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Open heart surgery is stressful for both a patient and their family, so it’s not surprising that patients undergoing this procedure experience some anxiety. Some doctors even believe that patients experience mental decline after open heart surgery. Is there any truth to this idea?
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Mental Decline and Open Heart Surgery
When surgeons first began doing open heart surgery, some of them observed that patients experienced mood changes and subtle alterations in cognitive function after the procedure. They believed this could be due to the stress surgery places on the body and the fact that blood flow may be briefly interrupted to the brain during the procedure, although this idea was never thoroughly researched.
Several years ago, the concept of mental decline after having open heart surgery was put to the test. Researchers compared two groups of patients. One group underwent a CABG procedure, a form of open heart surgery to open up blocked arteries, and the other group underwent PCI (percutaneous coronary intervention), a procedure that involves opening a heart artery blockage without open heart surgery. Prior to the procedures, they underwent cognitive testing. After completion of the procedures, researchers tested the cognitive function of both groups at three weeks, four months and a year. A control group also underwent the same cognitive assessments for comparison purposes.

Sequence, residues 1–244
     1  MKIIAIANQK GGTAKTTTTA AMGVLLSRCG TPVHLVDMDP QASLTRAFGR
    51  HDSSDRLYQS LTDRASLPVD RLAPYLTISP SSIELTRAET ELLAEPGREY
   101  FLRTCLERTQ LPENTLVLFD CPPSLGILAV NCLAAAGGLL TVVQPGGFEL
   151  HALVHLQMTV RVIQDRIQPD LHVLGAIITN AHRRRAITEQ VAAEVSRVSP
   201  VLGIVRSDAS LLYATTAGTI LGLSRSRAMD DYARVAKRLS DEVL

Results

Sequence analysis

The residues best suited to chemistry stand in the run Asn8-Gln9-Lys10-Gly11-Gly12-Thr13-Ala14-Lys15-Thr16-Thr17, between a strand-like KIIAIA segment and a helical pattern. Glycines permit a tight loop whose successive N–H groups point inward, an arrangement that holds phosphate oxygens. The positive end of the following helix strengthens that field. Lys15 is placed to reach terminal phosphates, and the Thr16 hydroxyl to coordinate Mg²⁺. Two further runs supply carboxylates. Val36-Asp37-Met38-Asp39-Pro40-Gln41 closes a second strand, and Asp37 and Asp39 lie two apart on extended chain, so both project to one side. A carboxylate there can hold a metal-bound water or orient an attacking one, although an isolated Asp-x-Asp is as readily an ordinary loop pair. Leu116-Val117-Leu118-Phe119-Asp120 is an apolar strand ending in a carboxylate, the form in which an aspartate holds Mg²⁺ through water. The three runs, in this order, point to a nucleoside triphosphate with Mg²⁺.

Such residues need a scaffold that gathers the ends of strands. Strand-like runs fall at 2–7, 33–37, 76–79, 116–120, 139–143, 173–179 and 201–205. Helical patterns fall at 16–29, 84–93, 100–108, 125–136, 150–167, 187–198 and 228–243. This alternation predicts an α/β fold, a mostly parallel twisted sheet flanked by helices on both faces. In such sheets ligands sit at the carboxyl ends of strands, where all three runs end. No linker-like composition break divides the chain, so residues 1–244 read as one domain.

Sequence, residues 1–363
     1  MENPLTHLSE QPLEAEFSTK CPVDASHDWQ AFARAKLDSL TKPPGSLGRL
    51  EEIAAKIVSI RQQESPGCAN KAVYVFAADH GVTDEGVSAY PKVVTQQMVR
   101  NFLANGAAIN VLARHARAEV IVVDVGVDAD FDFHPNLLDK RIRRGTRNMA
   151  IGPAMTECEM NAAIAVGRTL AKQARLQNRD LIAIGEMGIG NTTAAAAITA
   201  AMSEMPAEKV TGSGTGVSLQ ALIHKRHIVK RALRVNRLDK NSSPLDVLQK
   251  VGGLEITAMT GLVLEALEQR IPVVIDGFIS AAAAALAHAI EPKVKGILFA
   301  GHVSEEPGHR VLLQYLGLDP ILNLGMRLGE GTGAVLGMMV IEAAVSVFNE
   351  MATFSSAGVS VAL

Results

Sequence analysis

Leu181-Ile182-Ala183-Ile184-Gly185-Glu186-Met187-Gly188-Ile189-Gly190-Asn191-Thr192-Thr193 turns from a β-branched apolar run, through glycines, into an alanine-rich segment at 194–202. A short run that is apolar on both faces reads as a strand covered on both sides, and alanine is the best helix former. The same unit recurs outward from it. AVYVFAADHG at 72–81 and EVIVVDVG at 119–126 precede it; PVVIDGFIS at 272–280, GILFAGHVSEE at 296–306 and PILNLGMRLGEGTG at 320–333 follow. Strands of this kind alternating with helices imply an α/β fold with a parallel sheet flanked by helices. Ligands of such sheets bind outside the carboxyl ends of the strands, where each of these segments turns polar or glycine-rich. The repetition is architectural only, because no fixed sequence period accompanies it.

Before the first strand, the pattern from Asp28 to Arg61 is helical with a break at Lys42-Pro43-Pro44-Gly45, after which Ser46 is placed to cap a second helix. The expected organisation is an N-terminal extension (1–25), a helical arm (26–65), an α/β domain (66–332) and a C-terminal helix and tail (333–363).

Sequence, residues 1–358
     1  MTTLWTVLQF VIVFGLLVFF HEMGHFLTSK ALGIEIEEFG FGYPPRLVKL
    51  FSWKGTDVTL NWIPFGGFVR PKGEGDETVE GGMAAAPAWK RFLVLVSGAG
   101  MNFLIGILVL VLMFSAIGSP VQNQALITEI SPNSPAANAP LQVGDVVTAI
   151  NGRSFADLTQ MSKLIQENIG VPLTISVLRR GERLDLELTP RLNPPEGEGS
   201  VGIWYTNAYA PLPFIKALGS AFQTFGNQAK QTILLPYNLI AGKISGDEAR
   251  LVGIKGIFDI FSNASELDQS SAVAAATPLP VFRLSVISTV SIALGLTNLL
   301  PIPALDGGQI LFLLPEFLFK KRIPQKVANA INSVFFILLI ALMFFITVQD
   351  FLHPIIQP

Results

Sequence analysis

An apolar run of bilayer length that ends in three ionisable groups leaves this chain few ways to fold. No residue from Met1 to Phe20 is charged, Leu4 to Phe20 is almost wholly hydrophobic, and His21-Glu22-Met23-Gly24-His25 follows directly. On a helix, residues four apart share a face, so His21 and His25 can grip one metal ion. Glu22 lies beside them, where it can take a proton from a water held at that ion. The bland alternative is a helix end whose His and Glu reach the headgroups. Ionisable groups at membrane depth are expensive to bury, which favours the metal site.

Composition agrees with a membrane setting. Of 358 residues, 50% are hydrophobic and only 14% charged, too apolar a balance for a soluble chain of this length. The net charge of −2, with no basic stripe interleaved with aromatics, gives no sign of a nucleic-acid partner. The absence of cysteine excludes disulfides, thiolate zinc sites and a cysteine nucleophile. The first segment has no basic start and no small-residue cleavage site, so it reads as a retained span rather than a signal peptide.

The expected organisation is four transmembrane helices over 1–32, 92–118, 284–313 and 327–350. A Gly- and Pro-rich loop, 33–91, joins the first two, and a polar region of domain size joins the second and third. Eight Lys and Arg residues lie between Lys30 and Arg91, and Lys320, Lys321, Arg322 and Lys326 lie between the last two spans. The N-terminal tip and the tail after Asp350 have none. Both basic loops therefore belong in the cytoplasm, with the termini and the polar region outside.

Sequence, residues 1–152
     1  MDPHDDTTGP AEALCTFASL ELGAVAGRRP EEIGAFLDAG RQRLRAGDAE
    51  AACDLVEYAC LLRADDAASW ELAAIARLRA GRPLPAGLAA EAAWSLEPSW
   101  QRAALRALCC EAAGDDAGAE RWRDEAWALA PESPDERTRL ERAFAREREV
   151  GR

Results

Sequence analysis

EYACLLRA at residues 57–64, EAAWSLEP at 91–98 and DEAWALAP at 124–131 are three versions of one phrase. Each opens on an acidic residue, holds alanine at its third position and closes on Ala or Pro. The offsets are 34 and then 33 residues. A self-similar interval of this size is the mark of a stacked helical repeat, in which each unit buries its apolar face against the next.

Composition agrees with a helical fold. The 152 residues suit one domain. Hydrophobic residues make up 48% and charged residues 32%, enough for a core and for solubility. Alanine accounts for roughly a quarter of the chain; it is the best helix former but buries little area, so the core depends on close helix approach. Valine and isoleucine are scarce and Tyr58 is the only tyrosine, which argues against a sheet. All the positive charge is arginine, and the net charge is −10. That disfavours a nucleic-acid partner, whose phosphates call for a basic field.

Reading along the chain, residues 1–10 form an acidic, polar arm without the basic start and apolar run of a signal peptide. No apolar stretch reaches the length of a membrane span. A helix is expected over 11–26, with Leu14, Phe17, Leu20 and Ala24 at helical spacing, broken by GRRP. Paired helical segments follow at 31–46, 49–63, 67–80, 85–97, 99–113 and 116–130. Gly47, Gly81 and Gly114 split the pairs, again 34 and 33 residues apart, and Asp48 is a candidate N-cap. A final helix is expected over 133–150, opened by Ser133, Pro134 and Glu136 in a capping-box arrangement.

The results? There was no significant difference in cognitive processing speed or the ability to learn or retain new information between the groups who had open heart surgery, PCI or the healthy control group at one year.
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Another Study Looking at Cognitive Decline and Open Heart Surgery
Another study carried out at Johns Hopkins School of Medicine compared open heart surgery (CABG) to PTCA, a less invasive procedure for treating heart blockages. Both groups of patients had mild cognitive changes when followed up at twelve months and three years after the procedures. Researchers believe these mild cognitive changes were likely related to progression of their heart disease rather than a direct result of open heart surgery, especially since they saw changes in both groups. Interestingly, they did see a slight reduction in cognitive function in the patients who underwent open heart surgery immediately after the surgery that weren’t seen in the PTCA group, but these mental and cognitive changes resolved within three months.
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The Bottom Line
Changes in cognitive function and mental decline after open heart surgery may occur transiently after the procedure, but, in most cases, they resolve within a few months in the absence of complications. On the other hand, patients who undergo open heart surgery or less invasive procedures to treat heart disease may have some cognitive changes due to progression of their heart disease. Overall, patients considering open heart surgery shouldn’t be fearful of experiencing mental decline as a result of the surgery.
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Medscape.com. "CABG Surgery Does Not Increase Risk of Long-term Cognitive Decline"
Medical News Today. “Does Open Heart Surgery Cause Cognitive Decline? Rigorous Study says “No".